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Ignore Tesla Motors, Inc.: Here Are 3 Better Stocks

By Travis Hoium – Mar 12, 2016 at 10:02AM

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Tesla Motors, Inc. is a risky company with a lot of flaws -- and these three companies might be better positioned to capitalize on the future of autos.

Tesla Motors' Model 3 may have gotten all the headlines, but the Chevy Bolt (shown above) will hit the road first. Image source: General Motors.

Tesla Motors, (TSLA 2.48%) seems to be getting all of the headlines in the auto industry these days. Whether it's praise for the company's electric vehicles, questions about whether it can meet growth plans, or fascination with founder and CEO Elon Musk, Tesla has people's attention.

What you may not know is that Tesla Motors' stock isn't the world-beater you might think it is. In fact, it's lagging the market by a pretty wide margin over the past two years. The pop in the stock three years ago didn't last, and now the company's flaws are starting to show. It's missing deadlines for vehicles, there are questions about quality, and competition is quickly encroaching in the EV space. For investors in today's market, rather than betting on the company that's getting all of the headlines, here are three better stocks to consider.

TSLA Chart

TSLA data by YCharts.

General Motors
The biggest threat to Tesla Motors in the short term is General Motors (GM 4.33%), particularly its Chevy brand. Any bullish argument about Tesla Motors will eventually lead to discussion of the revolutionary vehicle the Model 3 could be, with its near-$35,000 price tag geared toward the masses and its ambitious production goals. But the Chevy Bolt will beat the Model 3 to market by at least a year, and potentially two years if Tesla's production delays continue. This will give GM a big head start in selling EVs for the masses.

On top of GM's early mover position in electric vehicles, the company has built a solid financial foundation since its restructuring in the wake of the Great Recession. Adjusted earnings per share are expected to be $5.25 to $5.75, and it recently raised its dividend to $1.52 annually. 

GM Net Income (TTM) Chart

GM Net Income (TTM) data by YCharts.

Tesla Motors is a high-risk bet on the future of electric vehicles. But if you're looking for a company that is likely to hit the road with an EV for the masses and make money at the same time, General Motors is for you.

One of the ways Tesla Motors is trying to lead the auto industry is in the area of self-driving vehicles. The Model S has already rolled out some self-driving capabilities, and more are sure to come. But Tesla isn't the only one testing the technology.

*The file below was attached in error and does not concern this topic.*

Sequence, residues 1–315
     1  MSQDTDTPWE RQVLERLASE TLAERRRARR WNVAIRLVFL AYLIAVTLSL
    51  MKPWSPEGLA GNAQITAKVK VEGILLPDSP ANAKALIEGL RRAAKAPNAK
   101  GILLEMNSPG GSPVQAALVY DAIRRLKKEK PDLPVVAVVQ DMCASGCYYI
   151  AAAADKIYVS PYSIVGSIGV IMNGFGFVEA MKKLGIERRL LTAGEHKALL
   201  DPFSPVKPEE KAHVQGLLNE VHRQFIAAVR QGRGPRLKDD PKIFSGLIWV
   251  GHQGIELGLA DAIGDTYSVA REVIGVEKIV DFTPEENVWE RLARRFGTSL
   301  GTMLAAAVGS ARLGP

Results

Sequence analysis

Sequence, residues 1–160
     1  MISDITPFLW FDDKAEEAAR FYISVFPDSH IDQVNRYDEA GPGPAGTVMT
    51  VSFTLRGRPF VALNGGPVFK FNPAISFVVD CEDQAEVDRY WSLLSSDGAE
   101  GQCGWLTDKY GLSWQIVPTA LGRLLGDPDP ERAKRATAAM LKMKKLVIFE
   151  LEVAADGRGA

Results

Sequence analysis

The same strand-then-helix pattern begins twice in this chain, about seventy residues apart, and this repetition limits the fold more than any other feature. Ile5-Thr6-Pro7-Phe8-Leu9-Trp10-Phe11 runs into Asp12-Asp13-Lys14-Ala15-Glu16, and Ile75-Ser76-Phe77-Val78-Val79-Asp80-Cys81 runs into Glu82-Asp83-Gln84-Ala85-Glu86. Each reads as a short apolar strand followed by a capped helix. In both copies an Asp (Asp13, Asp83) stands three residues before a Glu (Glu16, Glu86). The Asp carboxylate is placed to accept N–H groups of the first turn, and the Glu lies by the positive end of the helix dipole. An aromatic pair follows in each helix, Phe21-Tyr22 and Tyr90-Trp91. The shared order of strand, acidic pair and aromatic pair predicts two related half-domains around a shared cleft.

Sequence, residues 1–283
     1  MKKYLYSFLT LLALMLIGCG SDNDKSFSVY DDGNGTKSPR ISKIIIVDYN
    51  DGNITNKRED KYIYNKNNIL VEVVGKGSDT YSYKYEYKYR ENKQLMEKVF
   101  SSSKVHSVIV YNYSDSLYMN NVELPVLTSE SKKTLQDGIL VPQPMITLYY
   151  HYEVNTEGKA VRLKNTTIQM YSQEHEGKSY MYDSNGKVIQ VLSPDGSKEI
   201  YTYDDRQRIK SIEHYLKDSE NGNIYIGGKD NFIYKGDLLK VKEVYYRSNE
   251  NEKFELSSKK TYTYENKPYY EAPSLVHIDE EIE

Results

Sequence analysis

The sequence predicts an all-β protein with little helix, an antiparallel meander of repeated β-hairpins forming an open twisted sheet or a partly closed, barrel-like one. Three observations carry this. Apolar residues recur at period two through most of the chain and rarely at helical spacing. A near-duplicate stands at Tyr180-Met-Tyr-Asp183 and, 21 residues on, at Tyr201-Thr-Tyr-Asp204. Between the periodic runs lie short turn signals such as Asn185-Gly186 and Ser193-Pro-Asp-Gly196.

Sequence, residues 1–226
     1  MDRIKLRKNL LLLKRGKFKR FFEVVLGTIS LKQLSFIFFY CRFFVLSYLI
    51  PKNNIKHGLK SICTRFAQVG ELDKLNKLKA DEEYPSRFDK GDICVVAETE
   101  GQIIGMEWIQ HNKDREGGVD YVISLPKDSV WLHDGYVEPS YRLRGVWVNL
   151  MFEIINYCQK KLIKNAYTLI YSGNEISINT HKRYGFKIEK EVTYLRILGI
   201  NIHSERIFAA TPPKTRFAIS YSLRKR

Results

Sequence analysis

Ford has even created a solar-powered concept car. Image source: SunPower.

Ford (F 3.88%) is taking a lead in developing self-driving technology with Ford Smart Mobility. The company is taking a wide-ranging approach to self-driving vehicles, with concepts from car-sharing to a parking spotter program, which uses driver-assist sensors to search for and report on open parking spaces. It's also pushing technological limits, recently revealing that it's gone as far as testing its self-driving technology in snowy conditions. These are the toughest conditions for self-driving, so the company may be further along the development curve than you might think. 

The end goal here isn't for Ford to sell you a vehicle that will drive itself. The ultimate goal is to sell vehicles to Uber and Lyft, becoming a fleet supplier to ride-sharing platforms. CEO Mark Fields has said that he wants his company in that market, and one great way to do it is by making the driver expendable. I like the way Ford is positioned in the auto industry, as an automotive leader making the shift to a technology company.

The two other stocks on my list are automakers, something Alphabet (GOOG 0.53%) (GOOGL 0.36%) can't lay claim to. But that doesn't mean it isn't working hard in the auto industry. The company's Google subsidiary has put more than 1.4 million miles on self-driving cars, and is ingraining itself deeper into the auto industry every day. 

Google is a company with a lot of optionality in the auto business. Google Maps integrates with Uber, Android offers auto-related features, and the company could even just supply self-driving technology to companies behind the next-generation vehicle curve.

But the plan Google would really like to execute on is building a fully self-driving vehicle that will power a ride-sharing service, like an Uber without drivers. Google would likely run this service itself, and with the millions of accounts and payment systems already set up on people's phones, it would be an easy transition from customers' current service. 

We don't know exactly what Alphabet's auto future looks like, but I think it's a lot brighter than Tesla's plan to build a manufacturing powerhouse. And with an underlying business that's as solid as it gets, Alphabet is a better stock as well.

Tesla may not be a bet you want to make
The bottom line is that General Motors, Ford, and Alphabet are all safer investments than Tesla Motors. Tesla is still a high-risk stock with billions in necessary capital expenditures before investors will even know if it can succeed or not. I'll take the bet on what we know from the three other stocks over Tesla.

Travis Hoium owns shares of Ford. The Motley Fool owns shares of and recommends Alphabet (A and C shares), Ford, and Tesla Motors. The Motley Fool recommends General Motors. Suzanne Frey, an executive at Alphabet, is a member of The Motley Fool’s board of directors.  We Fools may not all hold the same opinions, but we all believe that considering a diverse range of insights makes us better investors. The Motley Fool has a disclosure policy.

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